Treating asthma as a serious public health problem
This article first appeared in the St. Louis Beacon, Feb. 20, 2012 - The American Lung Association is trying to mobilize groups nationwide to fight plans by the Obama administration to consolidate some asthma programs and reduce funding for them. St. Louis has one of the nation's highest rates of asthma. The local cost of treating the illness increases when parents of children with asthma turn to costly emergency rooms for treatment.
Under Obama's proposed budget, the Centers for Disease Control and Prevention would fold the National Asthma Control Program into an umbrella organization focusing not only on asthma but on reducing other environmental health hazards, such as air pollution, lead poisoning, second-hand smoke and radon.
The Lung Association's CEO, Charles D. Connor, says the group will appeal to health partners to start a "nationwide campaign" to save the asthma program. The association also noted that that it had persuaded Congress to reject similar changes the administration sought to make last year.
While the CDC said it would continue to fund evidence-based asthma-control programs, but would put less focus on surveillance and more attention on training health professionals and educating the public about managing asthma. The new approach would reduce to 19 the number of asthma grants made nationwide in the next fiscal year, which begins Sept. 1, down from 65 each during the previous two fiscal years. The CDC's environmental health budget of $139.9 million would be reduced by $7.3 million in the coming fiscal year. The agency added that some cuts would be offset by cutting duplicate services.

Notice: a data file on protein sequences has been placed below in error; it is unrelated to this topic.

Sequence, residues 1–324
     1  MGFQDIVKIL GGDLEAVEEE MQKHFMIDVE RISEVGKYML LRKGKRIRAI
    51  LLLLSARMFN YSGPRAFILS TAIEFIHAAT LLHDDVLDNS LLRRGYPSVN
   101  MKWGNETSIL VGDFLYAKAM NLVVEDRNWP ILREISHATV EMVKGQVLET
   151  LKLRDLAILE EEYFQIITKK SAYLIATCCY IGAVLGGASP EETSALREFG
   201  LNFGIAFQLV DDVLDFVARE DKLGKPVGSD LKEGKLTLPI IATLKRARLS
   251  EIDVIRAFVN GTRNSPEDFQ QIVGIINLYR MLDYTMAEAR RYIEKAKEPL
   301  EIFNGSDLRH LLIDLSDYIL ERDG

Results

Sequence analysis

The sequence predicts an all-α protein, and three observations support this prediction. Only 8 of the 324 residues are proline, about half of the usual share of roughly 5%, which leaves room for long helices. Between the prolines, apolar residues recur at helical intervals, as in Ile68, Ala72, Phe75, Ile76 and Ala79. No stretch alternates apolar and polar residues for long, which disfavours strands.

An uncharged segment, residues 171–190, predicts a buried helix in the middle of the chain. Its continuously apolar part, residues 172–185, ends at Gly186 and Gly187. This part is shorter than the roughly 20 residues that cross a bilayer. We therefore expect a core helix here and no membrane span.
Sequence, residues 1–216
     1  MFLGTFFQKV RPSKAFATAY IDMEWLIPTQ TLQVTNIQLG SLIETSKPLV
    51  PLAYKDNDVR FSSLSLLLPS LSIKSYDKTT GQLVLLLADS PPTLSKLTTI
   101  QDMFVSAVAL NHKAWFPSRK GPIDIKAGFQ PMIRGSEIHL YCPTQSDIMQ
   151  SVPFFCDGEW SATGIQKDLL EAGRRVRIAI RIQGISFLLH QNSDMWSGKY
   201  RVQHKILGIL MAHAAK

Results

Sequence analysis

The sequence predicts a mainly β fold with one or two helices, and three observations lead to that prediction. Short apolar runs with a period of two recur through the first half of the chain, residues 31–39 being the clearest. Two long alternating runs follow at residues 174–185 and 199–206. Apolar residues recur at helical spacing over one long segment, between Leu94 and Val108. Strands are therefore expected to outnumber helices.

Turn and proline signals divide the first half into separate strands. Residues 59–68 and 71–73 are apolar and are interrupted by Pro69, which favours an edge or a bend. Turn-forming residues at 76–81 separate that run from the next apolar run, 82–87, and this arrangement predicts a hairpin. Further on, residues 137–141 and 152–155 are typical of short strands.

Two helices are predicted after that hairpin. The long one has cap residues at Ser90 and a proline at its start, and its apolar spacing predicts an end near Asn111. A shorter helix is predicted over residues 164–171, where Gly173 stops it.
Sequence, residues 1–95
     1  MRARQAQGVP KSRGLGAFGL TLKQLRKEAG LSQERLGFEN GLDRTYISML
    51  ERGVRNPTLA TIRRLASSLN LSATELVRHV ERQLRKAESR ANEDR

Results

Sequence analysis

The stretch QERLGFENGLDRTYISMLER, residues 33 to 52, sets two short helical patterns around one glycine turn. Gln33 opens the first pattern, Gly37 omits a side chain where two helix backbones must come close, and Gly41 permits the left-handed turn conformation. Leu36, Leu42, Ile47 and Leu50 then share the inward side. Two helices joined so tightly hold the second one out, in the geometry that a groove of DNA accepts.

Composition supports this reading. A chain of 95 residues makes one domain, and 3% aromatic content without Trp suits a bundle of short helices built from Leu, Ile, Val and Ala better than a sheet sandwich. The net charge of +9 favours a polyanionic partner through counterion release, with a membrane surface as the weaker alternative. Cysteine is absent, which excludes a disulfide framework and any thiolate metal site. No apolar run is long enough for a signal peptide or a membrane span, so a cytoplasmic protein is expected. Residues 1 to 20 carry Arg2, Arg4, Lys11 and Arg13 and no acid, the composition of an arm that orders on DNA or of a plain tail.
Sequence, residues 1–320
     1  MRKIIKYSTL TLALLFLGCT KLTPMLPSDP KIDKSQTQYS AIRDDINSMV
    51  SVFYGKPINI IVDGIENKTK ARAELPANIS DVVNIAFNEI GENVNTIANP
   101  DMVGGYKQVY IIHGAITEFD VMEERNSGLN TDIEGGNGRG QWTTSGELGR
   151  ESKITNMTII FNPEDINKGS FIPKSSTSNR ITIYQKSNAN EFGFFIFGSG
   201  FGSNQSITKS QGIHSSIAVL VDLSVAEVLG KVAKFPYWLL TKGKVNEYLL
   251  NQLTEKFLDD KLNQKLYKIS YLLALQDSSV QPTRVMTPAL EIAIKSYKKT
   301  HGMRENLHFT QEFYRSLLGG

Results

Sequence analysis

Impact on the St. Louis region
Among those watching these developments and what they mean to the region is Dr. William Kincaid, head of the St. Louis Regional Asthma Consortium. Kincaid has been a medical practitioner, a public health official, a medical director of a managed care plan and, more recently, a volunteer with many nonprofit health groups. His preference, like the CDC's policy shift, leans toward more training and public education.
"The issue is not more money," he says. "The issue is using the money already in the system more effectively."
The asthma consortium has worked with the Lung Association, the CDC, state health officials and health officials in St. Louis and St. Louis County.
As for the controversy between the Lung Association and CDC, Kincaid says, both sides have merit. On the one hand, he says, the Lung Association's reaction is an example of "special interests rallying the troops to change federal funding priorities." On the other, he says the CDC has done an "excellent job" in asthma treatment and prevention, based in part on work by local groups such as the consortium. The CDC also has funded Missouri's asthma control and prevention program, he says.
What's missing, he says, is a balance between the medical and public-health approaches to the problem, including more initiatives to educate providers and the public about asthma and how to control it. The consortium's efforts have included encouraging doctors to develop patient-specific asthma action plans.
"These plans," he says, "are really standing orders to be used by parents or a school nurse to manage acute attacks."
This approach and early use of medications can prevent the need to "send the child to an ER or to call parents to take time off work to take care of the child (through) an urgent care visit."
St. Louis ranks sixth in the nation in asthma, with Richmond, Va., having the highest rate. The most recent data by the Missouri Department of Health and Senior Services show that 21 black children under age 15 died from asthma between 2000 and 2007. During that same period, the agency reported that eight white children in the same age group died of the illness.